CTCP (Compound TCP)

    Traditional algorithims that are used to decrease or "handle" network congestion are not necessarily optimized to deal with the high-speed INET connections that are available to some of us today. Thus, CTCP can deal with these larger connections by closely monitoring delay times and packet loss to minimize congestion while increasing thoughput by handling the RWIN factor in a more aggressive way. This option in Server 2008 is turned ON. In Vista, it is OFF by default. Turning this ON could boost your performace substantially. This newer way of handling congestion by different algorithim methods has boosted my throughput on 2 of my machines alone. I suggest everyone try this one. This will work for all modern "broadband" connections. The bigger the pipe, the better.

    From the Command Prompt, issue the following command(s):

    netsh interface tcp set global congestionprovider=ctcp <---- Suggested setting.
    netsh interface tcp set global congestionprovider=none <---- Default setting for Vista netsh interface tcp set global congestionprovider=default <---- restores system default

    I have had great luck with this switch and I am sure some of you will also have good luck as well.


    MTU (Maximum Transmission Unit) Default network value for Ethernet is 1500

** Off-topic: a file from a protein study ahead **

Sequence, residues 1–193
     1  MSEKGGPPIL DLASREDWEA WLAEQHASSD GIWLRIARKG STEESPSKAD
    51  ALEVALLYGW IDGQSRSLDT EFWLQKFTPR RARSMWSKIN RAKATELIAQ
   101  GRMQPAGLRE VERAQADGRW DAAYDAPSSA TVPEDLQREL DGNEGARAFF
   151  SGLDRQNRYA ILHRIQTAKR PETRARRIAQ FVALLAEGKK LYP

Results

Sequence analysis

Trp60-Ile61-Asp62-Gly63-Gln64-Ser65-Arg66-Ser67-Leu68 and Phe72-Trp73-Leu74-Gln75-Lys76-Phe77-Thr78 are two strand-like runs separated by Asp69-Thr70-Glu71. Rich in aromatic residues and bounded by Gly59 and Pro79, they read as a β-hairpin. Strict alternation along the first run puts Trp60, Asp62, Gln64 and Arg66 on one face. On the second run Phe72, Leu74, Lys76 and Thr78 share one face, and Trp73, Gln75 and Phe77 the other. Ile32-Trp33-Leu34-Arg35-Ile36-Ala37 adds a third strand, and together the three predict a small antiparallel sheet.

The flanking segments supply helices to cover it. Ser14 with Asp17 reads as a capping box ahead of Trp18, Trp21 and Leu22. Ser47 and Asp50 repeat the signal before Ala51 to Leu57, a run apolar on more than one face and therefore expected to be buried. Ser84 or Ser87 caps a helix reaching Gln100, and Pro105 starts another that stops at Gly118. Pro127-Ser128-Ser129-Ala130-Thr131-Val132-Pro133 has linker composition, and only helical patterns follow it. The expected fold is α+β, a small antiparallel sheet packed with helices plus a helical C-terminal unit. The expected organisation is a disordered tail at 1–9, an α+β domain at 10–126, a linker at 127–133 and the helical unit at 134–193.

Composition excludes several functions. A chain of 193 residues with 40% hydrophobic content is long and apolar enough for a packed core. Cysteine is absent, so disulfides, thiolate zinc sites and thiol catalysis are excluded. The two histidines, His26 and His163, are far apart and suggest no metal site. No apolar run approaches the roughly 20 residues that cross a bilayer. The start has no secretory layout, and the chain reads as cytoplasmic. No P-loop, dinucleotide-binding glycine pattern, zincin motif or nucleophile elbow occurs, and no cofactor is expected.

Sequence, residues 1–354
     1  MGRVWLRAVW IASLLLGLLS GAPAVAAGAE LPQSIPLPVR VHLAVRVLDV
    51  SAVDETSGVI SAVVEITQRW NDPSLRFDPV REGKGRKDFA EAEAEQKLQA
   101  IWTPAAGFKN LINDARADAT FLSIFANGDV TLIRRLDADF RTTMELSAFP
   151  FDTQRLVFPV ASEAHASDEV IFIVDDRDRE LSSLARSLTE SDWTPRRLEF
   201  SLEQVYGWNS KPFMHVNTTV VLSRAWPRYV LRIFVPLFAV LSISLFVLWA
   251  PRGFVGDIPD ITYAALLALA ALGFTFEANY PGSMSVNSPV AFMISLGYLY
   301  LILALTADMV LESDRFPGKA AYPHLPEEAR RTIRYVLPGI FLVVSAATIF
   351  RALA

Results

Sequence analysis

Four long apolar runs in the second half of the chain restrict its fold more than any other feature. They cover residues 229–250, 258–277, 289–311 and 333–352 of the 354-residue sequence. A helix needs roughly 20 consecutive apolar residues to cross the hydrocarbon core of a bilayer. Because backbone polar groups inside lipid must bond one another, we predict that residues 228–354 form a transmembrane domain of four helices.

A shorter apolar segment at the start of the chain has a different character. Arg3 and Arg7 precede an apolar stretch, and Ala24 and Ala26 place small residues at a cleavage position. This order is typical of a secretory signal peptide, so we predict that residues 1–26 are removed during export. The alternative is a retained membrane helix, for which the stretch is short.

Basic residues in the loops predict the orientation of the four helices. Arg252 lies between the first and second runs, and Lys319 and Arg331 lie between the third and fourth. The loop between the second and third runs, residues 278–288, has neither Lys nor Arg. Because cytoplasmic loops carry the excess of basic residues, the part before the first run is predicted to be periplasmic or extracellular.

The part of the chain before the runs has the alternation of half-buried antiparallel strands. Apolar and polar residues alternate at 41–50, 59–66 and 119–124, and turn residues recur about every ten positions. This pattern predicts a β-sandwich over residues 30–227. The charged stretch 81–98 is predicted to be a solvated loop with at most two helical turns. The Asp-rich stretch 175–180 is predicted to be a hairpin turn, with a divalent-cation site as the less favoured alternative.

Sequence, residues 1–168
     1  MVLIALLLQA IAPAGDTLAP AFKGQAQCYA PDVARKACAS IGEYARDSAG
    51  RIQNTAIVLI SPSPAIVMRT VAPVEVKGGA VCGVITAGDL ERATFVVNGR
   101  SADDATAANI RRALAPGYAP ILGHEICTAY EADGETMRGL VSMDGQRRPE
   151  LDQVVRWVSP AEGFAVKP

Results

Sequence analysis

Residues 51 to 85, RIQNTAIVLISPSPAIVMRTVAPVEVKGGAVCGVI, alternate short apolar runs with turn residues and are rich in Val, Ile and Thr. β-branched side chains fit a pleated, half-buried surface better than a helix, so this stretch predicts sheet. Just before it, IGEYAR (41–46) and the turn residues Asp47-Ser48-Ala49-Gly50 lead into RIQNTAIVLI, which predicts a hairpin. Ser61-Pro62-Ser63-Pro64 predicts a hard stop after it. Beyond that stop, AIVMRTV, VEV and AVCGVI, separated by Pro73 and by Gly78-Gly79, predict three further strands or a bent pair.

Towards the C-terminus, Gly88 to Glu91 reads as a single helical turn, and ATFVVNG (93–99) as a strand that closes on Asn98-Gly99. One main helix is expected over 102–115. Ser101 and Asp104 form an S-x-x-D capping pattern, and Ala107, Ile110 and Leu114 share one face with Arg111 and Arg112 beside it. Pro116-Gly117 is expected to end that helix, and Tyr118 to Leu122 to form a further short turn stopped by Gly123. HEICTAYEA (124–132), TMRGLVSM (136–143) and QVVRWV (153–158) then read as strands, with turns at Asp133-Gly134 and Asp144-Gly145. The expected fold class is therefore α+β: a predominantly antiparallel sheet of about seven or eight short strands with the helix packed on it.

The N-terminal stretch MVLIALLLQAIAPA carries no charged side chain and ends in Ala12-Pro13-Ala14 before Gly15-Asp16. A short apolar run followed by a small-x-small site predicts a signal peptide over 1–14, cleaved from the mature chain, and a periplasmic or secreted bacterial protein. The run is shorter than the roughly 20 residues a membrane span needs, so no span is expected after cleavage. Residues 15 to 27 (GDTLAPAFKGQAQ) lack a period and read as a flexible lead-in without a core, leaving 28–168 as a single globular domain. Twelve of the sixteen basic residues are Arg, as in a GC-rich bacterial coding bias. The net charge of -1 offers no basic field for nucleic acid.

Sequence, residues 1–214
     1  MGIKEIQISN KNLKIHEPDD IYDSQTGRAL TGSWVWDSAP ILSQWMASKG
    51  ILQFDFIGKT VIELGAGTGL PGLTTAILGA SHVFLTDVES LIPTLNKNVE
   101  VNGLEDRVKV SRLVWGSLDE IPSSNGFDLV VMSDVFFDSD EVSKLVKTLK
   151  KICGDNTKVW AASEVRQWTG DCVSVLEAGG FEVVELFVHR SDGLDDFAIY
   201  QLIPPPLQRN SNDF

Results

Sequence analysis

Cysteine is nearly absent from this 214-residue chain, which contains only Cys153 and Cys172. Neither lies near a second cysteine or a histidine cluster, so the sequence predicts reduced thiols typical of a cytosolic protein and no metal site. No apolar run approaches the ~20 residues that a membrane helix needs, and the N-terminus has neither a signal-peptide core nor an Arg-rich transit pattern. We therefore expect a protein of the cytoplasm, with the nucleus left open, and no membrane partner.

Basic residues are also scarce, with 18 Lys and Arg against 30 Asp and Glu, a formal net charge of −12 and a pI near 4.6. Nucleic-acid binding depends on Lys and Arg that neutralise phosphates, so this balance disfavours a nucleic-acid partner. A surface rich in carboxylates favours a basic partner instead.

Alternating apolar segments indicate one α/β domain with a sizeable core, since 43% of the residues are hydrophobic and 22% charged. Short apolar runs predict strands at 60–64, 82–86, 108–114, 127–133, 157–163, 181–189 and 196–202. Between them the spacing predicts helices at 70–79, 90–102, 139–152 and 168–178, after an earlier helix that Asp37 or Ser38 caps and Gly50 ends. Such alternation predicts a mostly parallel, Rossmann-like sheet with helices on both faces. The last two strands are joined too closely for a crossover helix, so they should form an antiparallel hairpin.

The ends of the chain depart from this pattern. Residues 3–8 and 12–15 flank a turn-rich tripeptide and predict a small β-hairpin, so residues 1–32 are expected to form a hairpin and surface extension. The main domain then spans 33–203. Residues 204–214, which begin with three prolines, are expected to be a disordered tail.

Two words on changing the MTU in Vista. Don't bother. By default, Vista uses the maximum size for the basic network grid. The common misconception with this command is that by raising it to a higher value (e.g. 9014) you will allow for a larger packet Frame to be sent. Here is the truth. For day to day downloading, surfing, etc., 1500 is the sweet spot. There are some exceptions. Most notibly, peer to peer (direct PC to PC via NIC) connections. In ths case, the MTU can be raised and will allow for a higher rate. I have one of these connections from my FreeNAS server box and one of my Vista SP2 boxes. Other than a direct connection like that, raising the MTU will yeild you next to no increase in performance/thoughput. The most important option is the Receive Window (RWIN).


    ECN (Explicit Congestion Notification)

    This option allows for a different communication method to deal with network congestion. It dynamicaly lowers the transfer rate for certain "retry" packets thus preventing packet loss as much as possible. ECN is disabled in Vista by default and should remain that way UNLESS your router does not support ECN. All newer routers do...so only the very old ones could have a problem with this option be disabled and enabling it might be your best bet.

    To check whether your router supports ECN, you can use the Microsoft Internet Connectivity Evaluation Tool. The results will be displayed under "Traffic Congestion Test" in the detailed report.

    Only if you need to change this option, do so by issuing the following command via the Command Prompt as follows: